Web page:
Purging Records is an old Cook County tradition. When I first became a lawyer the Court house was the old County Building. On Floor 3 1/2 like clockwork every single year there were two fires – one on the County side and one on the City side. Each years at approximately the same time the fires occurred and they were confined to one of the two floors.
Today a purge can occur with the click of a mouse!
In these Elder Abuse cases like Sykes there is a great deal at stake. Do your realize that you, I, Gloria, and various assorted relatives will be giving evidence of the United States of America as to the contents of the safety deposit box. As Mary was declared incompetent without a hearing and without the Sodini protections the probate court lacked jurisdiction and once again Stern, Farenga, and Toerpe are out a limb! If I take your money without your permission with the intention of exercising control over the same I commit ‘theft!’ As a million dollars in assets is unaccounted for we have a very serious felony. Aiding and Abeting is not looked upon fondly – in fact law enforcement usually charges the Aider and Abetters.
The Sykes case is ‘big league’ stuff. It is the lynch pin that keeps if pulled will bring down a great deal of incentive for the depriving of grandma of her liberty, property, civil and human rights. Do you think for a minute that without the ‘money in the mattress’ and the contents of the safety deposit box **** would have any interest in Mary Sykes!!
May passing the written test administered by the Illinois Secretary of State could put Dr. Shaw out of business and cause severe economic hardship to a bunch of GALs and other “judicial officials”. I refer to the Sykes case as the ‘son of Greylord” because it is another chapter in the infamous history of Cook County, Illinois.
A very important point that this blog keeps reminding its readers is that NO SODINI NOTICES were given when the petition was filed.
Ken goes is more details:
However, the important aspect of the Sodini protections (172 ILL App3d 1053) is the actual notice to the close relatives and the providing the alleged disabled person with the knowledge of her rights. This is especially the case since the lack of Jurisdiction has been repeatedly pointed out to the court and the GAL’s and ignored. All should be disciplined. Jurisdiction is an US Constitutional and Illinois Constitutional and due process right that cannot be ignored. It is fundamental to a democratic society (JoAnne Denison)
The 3rd aspect of the Sodini is the most important – notification of the alleged disabled person and the close relatives. This is important as it prevents the ambush of the alleged disabled person and makes certain that at the very least the close relatives have the opportunity to present a defense. For instance, Dr. Patel refused to sign the CP 211 (certificate of incompetency). The close relatives could have confronted Toerpe, Stern and Farenga with the fact that Mary passed a written examination administered by the Secretary of State, etc. Instead there was an ambush and as Mr. Stern reported, he, Farenga and Toerpe just agreed that Mary was incompetent and they and the Court willy nilly deprived her of her liberty, property, civil rights and property rights. This is not what the statute contemplates. The Statute reads:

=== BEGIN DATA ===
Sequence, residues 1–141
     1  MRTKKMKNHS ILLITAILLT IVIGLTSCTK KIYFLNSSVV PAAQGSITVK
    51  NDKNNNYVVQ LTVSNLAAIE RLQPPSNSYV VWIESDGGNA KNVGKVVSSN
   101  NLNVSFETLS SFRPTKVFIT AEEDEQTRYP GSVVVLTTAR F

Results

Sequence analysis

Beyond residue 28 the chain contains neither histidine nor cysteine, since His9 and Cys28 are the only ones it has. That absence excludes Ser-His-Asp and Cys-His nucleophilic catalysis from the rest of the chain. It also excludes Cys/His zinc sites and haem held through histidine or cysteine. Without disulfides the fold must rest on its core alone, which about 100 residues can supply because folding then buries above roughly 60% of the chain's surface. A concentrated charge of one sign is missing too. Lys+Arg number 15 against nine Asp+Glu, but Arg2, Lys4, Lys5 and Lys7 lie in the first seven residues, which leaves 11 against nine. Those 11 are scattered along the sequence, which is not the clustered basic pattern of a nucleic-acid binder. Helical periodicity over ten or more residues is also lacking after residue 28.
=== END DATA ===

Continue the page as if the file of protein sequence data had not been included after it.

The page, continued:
§ 11a-10. Procedures preliminary to hearing.
(a) Upon the filing of a petition pursuant to Section 11a-8, the court shall set a date and place for hearing to take place within 30 days. The court shall appoint a guardian ad litem to report to the court concerning the respondent’s best interests consistent with the provisions of this Section, except that the appointment of a guardian ad litem shall not be required when the court determines that such appointment is not necessary for the protection of the respondent or a reasonably informed decision on the petition. If the guardian ad litem is not a licensed attorney, he or she shall be qualified, by training or experience, to work with or advocate for the developmentally disabled, mentally ill, physically disabled, the elderly, or persons disabled because of mental deterioration, depending on the type of disability that is alleged in the petition. The court may allow the guardian ad litem reasonable compensation. The guardian ad litem may consult with a person who by training or experience is qualified to work with persons with a developmental disability, persons with mental illness, or physically disabled persons, or persons disabled because of mental deterioration, depending on the type of disability that is alleged. The guardian ad litem shall personally observe the respondent prior to the hearing and shall inform him orally and in writing of the contents of the petition and of his rights under Section 11a-11. The guardian ad litem shall also attempt to elicit the respondent’s position concerning the adjudication of disability, the proposed guardian, a proposed change in residential placement, changes in care that might result from the guardianship, and other areas of inquiry deemed appropriate by the court. Notwithstanding any provision in the Mental Health and Developmental Disabilities Confidentiality Act or any other law, a guardian ad litem shall have the right to inspect and copy any medical or mental health record of the respondent which the guardian ad litem deems necessary, provided that the information so disclosed shall not be utilized for any other purpose nor be redisclosed except in connection with the proceedings. At or before the hearing, the guardian ad litem shall file a written report detailing his or her observations of the respondent, the responses of the respondent to any of the inquires detailed in this Section, the opinion of the guardian ad litem or other professionals with whom the guardian ad litem consulted concerning the appropriateness of guardianship, and any other material issue discovered by the guardian ad litem. The guardian ad litem shall appear at the hearing and testify as to any issues presented in his or her report.